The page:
Honey, What’s Going on Here?
Megan Mullally is responsible for crafting one of the most popular and seminal sitcom characters of all time, the irrepressible and fabulously absurd Karen Walker. Ahead of her headline Mardi Gras Festival appearance, she speaks with Garrett Bithell.
“I’m prepared to be torn limb from limb by Sydney’s gay men.”
So says American actor Megan Mullally, the formidable comic talent behind arguably one of television’s most iconic characters: the strong, shrill gold-digging socialite with a sharp wardrobe and even sharper tongue, Karen Walker from hit sitcom Will and Grace. As Mullally is fully aware, when to comes to gay-icon status, Karen Walker would give Judy Garland and Madonna a run for their money. So when she arrives in Sydney later this month as the big international drawcard of the 2013 Mardi Gras festival, she is girding her loins for a right-royal mauling.
“I think Karen resonates with the gay community because she is a character who is not afraid,” Mullally says. “I’m going to speak in the present tense just for the fun of it! She’s not afraid of what other people think of her – she’s very loud and proud.
“Unfortunately the gay community is still an oppressed minority, and I think any oppressed minority is going to relate to a character who is so confident and uncompromising – Karen brings people around to her way of thinking and that’s the end of it.”
Set in New York City but filmed in front of a live audience at CBS Studio Center in Los Angeles, Will and Grace ran for eight highly successful seasons from 1998 until 2006. Although originally based on the relationship between gay lawyer Will Truman and his interior designer best friend Grace Adler, the secondary characters of Karen Walker and Jack McFarland proved so popular that the four characters soon had equal screen time.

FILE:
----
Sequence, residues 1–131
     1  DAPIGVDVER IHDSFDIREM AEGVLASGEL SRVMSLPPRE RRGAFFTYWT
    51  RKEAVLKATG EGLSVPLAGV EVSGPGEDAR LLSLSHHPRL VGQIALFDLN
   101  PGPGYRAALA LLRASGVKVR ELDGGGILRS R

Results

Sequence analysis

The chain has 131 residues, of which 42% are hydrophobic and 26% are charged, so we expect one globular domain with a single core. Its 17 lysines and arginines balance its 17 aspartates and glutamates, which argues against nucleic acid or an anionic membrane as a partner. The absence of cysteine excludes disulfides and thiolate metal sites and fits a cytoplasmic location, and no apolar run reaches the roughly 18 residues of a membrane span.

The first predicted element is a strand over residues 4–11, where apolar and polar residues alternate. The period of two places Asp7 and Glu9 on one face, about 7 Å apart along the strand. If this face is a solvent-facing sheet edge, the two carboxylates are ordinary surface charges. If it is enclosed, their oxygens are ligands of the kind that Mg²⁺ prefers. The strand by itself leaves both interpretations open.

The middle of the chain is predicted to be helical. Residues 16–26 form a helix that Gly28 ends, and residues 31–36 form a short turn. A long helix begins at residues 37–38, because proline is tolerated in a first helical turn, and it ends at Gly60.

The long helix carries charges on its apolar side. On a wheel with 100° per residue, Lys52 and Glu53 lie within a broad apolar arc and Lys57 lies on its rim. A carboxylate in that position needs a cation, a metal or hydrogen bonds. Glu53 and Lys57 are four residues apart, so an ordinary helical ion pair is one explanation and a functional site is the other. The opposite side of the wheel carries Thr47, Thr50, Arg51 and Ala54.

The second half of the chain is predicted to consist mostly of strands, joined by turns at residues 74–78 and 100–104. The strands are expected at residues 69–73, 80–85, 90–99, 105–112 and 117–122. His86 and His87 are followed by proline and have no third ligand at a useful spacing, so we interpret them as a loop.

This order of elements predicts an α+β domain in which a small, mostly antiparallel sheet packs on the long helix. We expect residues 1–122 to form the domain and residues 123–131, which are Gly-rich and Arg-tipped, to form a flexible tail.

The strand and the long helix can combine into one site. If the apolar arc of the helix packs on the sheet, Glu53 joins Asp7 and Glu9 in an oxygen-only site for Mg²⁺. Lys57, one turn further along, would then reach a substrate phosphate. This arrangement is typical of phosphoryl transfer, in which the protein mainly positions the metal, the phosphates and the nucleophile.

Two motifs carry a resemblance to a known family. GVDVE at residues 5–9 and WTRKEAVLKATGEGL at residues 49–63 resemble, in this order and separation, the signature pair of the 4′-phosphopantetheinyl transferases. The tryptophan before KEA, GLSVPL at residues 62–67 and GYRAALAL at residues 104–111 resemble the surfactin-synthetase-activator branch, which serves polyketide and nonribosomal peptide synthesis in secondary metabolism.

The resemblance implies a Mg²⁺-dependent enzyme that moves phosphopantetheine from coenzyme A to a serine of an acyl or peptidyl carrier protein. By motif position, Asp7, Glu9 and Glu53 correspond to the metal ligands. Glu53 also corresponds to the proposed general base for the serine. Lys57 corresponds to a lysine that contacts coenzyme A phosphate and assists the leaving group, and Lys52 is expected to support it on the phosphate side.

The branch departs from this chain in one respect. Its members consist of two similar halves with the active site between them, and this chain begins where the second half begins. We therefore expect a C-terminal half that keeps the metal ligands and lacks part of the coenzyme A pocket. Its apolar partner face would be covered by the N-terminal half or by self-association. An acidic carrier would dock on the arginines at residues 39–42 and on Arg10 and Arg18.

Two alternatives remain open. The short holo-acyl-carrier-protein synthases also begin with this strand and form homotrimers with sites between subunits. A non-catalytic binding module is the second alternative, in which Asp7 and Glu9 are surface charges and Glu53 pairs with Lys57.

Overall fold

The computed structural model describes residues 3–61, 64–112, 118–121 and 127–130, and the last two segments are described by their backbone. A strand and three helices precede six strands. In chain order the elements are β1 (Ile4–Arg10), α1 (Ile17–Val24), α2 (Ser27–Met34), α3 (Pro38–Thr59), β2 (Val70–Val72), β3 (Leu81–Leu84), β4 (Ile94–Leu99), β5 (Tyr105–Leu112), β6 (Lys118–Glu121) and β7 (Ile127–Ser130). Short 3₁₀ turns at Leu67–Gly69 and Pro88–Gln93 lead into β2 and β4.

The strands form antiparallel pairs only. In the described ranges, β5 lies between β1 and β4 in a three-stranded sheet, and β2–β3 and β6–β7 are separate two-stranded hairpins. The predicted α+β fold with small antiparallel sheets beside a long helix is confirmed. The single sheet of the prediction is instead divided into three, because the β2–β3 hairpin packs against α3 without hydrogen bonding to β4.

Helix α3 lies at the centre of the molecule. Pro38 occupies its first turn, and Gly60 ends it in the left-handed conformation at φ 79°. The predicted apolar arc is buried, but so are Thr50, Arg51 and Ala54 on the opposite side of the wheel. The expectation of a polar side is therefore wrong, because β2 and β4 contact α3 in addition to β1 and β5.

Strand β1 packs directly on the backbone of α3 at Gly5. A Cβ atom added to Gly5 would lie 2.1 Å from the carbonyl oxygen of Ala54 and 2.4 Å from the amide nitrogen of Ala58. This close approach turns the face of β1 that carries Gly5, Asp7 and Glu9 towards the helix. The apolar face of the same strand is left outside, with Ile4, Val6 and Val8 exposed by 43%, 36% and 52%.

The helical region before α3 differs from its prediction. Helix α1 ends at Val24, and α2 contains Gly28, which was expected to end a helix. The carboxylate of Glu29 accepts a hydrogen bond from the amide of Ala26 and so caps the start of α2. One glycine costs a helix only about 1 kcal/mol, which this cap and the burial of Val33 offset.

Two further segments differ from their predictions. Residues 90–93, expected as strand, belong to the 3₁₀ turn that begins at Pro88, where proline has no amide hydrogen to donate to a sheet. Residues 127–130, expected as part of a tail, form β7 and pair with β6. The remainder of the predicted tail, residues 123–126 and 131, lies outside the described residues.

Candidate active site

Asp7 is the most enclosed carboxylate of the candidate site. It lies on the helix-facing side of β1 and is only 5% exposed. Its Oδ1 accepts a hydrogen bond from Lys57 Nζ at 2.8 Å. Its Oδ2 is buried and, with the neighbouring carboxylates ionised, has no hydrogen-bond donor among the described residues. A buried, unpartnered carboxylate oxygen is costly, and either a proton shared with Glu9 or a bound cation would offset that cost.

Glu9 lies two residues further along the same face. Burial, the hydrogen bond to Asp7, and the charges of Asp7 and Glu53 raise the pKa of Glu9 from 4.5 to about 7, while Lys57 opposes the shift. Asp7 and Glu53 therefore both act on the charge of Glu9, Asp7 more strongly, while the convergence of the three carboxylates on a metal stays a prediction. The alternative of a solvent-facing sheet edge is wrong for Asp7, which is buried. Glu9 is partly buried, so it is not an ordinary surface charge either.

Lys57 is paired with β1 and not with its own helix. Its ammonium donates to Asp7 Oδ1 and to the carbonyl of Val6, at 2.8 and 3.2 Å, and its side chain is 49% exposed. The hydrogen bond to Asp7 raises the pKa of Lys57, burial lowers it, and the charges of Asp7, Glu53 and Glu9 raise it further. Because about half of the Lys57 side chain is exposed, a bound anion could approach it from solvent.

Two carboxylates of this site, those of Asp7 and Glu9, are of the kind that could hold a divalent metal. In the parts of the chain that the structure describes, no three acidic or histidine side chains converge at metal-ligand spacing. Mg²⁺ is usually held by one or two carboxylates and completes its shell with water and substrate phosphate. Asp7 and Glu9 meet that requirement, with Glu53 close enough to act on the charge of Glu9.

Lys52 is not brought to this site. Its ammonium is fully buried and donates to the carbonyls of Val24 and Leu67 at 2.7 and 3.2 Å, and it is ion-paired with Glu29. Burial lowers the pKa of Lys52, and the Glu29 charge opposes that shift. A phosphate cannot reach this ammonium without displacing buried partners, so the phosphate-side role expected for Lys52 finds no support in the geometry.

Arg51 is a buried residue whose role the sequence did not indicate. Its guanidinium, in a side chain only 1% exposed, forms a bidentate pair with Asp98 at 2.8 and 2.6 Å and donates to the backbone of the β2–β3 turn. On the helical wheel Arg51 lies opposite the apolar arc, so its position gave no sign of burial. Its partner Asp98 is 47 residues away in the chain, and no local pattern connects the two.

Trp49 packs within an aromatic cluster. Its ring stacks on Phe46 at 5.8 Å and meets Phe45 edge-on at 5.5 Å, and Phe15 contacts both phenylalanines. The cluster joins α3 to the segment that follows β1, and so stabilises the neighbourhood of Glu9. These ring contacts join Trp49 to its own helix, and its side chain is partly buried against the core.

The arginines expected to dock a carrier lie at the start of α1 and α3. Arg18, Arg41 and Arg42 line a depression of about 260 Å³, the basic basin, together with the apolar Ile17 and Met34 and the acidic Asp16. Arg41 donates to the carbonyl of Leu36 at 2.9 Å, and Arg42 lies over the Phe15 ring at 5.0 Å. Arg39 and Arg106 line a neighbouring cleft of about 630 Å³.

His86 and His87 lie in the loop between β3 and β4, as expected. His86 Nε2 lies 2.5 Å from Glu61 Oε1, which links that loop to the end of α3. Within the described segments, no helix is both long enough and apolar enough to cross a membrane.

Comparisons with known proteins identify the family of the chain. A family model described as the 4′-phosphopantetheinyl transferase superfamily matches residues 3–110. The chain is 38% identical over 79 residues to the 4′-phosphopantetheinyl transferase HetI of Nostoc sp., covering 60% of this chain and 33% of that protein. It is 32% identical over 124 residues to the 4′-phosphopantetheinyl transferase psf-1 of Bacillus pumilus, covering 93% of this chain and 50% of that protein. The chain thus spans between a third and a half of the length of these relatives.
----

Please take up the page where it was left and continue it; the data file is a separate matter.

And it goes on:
Today, almost seven years since the series wrapped, Will and Grace remains the most successful television series with gay principal characters. The show has been cited as one of the primary architects of social and political change in the US around the issue of gay rights and marriage equality. Indeed in May 2012, during a Meet the Press interview, Vice President Joe Biden asserted that “Will and Grace did more to educate the American public than almost anything anybody has ever done. People fear that which is different. Now they're beginning to understand.”
“That was pretty incredible,” Mullally says. “There were emails going around between the cast and crew and directors of the show, which was the first time there’s been that collective reaction between all of us since we went off the air. So it’s a big deal, and everyone was pretty proud.”
In 1999, Mullally ignited a bonfire of controversy for asserting in an interview with The Advocate magazine that everyone is “innately bisexual”.
“I do think that, at least from a philosophical point of view,” she says. “Obviously people’s levels and awareness vary, as we know, and some are more open-minded and freer than others, and that’s fine. Everyone is going at their own pace.
“But I do think a lot of things are culturally ‘unacceptable’, especially in straight male culture. But take that away – that social paranoia – and what have you got, I wonder? There’s certainly something to that.”